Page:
The pop-folk duo Jack and White captures the harmonies, laid-back vibe and conflicted lyrics that characterized 1970s Los Angeles rock.
You'd never know Jack Matranga and Brooke White came from elsewhere (he's a recent transplant from Sacramento, she moved from Mesa, Ariz., several years ago) and were born in the '80s.
"I am a child of the '70s, born in the wrong decade," White, 28, said by phone from her home near Los Angeles.
White, performing with Matranga on Saturday night at Harlow's, was a finalist on Season 7 of "American Idol." Her lovely, slightly gritty vocals and unadorned folk style established her as one of the most distinctive, memorable talents in show history.
Influenced by Carole King, Joni Mitchell, Carly Simon, Fleetwood Mac and other 1960s and '70s ladies and fellows of Laurel Canyon, White was mostly a solo act until she met fellow singer-songwriter Matranga, 26, formerly of the popular Sacramento band Self Against City, early last year.
Like so many musical marriages, it started with a blind date. Matranga had recently moved to L.A. to establish a new base for his songwriting and "wasn't saying no to anything," he said during a conference call with White. A mutual friend set up a songwriting session with White.
"We wrote a song before I even left her place," Matranga said.
The goal had been a song for a White solo album, but "we decided to make a duo of it," White said. "We started throwing around ideas, no big deal, not serious, let's just do it. That turned into several more songs and snowballed into something."
The duo released an EP last summer called "Gemini" and a second EP, "Winter," last month.
Self Against City was emo pop, but Matranga had grown up listening to '60s and '70s harmonies. In White, he found a collaborator who liked "the same music, and the same chord progressions," and recognized '60s and '70s Southern California rock as a great jumping-off point for Jack and White's more modern sound.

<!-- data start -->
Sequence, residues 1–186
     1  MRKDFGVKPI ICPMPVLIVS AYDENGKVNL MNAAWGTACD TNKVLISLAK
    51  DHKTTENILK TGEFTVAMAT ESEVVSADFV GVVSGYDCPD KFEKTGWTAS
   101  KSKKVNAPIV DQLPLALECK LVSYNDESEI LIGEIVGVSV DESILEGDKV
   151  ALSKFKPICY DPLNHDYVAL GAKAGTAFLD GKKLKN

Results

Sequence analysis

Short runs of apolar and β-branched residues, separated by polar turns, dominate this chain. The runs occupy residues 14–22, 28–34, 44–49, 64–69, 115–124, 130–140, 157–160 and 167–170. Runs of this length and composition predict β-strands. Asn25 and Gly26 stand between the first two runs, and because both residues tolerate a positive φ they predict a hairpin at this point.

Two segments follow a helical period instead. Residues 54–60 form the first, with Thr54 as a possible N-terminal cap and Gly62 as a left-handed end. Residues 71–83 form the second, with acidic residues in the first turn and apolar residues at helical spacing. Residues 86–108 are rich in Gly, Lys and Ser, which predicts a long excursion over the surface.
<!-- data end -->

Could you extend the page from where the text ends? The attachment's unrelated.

"What I like about those California bands is, beyond being incredible songwriters, they used technology and the latest equipment," Matranga said. "It was a time period where nothing was off limits as to what was a hit song."
Added White: "What you would hear on the radio was not such a narrow format (as it is now). You could have artistry and mainstream commercial quality as well."
White brings to the new act a loyal fan base from her "Idol" days.
"It was a challenge to be exposed to so many people, and hope to retain at least a fraction" of the "Idol" audience, White said. She has retained "very loyal fans a good, solid group of people who have stuck around for the ride."
White is expecting a baby in May with her husband of eight years, Dave Ray, an accountant. ("I always call him Dave Ray, CPA," the ebullient White joked. "It's not his favorite.")
The pregnancy has not interfered with performances, White said, though she occasionally must sit down after a set. Partnering with Matranga took a load off in a more general way.
"If you find the right collaborator, it makes it a million times more fun," White said. "I (also) like being able to harmonize on the spot. It is just more of a richness of layers, musically and creatively, than when you are alone. It brings out more possibilities."
Jack and White's formation corresponded with a surge in popularity of male-female duos such as the Swell Season, She & Him and the Civil Wars. That's coincidental, Matranga said.
"There is a reason these duos are successful there is just something really interesting about male and female (harmony)," he said. "We just happen to be doing it at a time when it kind of became prevalent again. We found out what so many other people find: that it works."
JACK AND WHITE
When: 10 p.m. Saturday; Gerald Pease opens
Where: Harlow's, 2708 J St., Sacramento